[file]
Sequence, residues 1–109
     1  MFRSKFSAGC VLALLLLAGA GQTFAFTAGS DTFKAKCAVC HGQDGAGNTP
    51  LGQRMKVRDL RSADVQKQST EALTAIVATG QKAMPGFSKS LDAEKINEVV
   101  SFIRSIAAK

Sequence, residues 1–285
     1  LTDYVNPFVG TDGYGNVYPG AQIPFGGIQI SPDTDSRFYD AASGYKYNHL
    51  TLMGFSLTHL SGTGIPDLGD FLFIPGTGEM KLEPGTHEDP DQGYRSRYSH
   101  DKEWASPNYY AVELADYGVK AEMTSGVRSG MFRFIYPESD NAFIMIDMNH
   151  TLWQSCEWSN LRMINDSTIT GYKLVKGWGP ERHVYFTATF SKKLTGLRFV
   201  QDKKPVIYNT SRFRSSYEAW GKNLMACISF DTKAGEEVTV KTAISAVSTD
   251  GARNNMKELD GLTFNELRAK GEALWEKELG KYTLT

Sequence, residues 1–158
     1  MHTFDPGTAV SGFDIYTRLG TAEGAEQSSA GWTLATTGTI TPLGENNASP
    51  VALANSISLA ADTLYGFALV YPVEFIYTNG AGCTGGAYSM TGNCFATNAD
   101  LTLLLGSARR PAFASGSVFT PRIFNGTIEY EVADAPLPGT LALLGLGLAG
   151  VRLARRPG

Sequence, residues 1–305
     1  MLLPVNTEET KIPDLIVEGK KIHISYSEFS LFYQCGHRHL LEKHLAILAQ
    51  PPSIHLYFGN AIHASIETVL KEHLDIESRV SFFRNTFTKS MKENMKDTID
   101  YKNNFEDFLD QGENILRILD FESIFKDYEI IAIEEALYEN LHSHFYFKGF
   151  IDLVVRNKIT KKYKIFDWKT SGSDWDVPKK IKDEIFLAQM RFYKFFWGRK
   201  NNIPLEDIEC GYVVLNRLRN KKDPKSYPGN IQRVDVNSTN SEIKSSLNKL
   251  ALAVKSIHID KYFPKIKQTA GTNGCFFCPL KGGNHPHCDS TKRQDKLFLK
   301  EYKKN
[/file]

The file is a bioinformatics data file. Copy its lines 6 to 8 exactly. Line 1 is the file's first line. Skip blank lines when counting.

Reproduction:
     1  LTDYVNPFVG TDGYGNVYPG AQIPFGGIQI SPDTDSRFYD AASGYKYNHL
    51  TLMGFSLTHL SGTGIPDLGD FLFIPGTGEM KLEPGTHEDP DQGYRSRYSH
   101  DKEWASPNYY AVELADYGVK AEMTSGVRSG MFRFIYPESD NAFIMIDMNH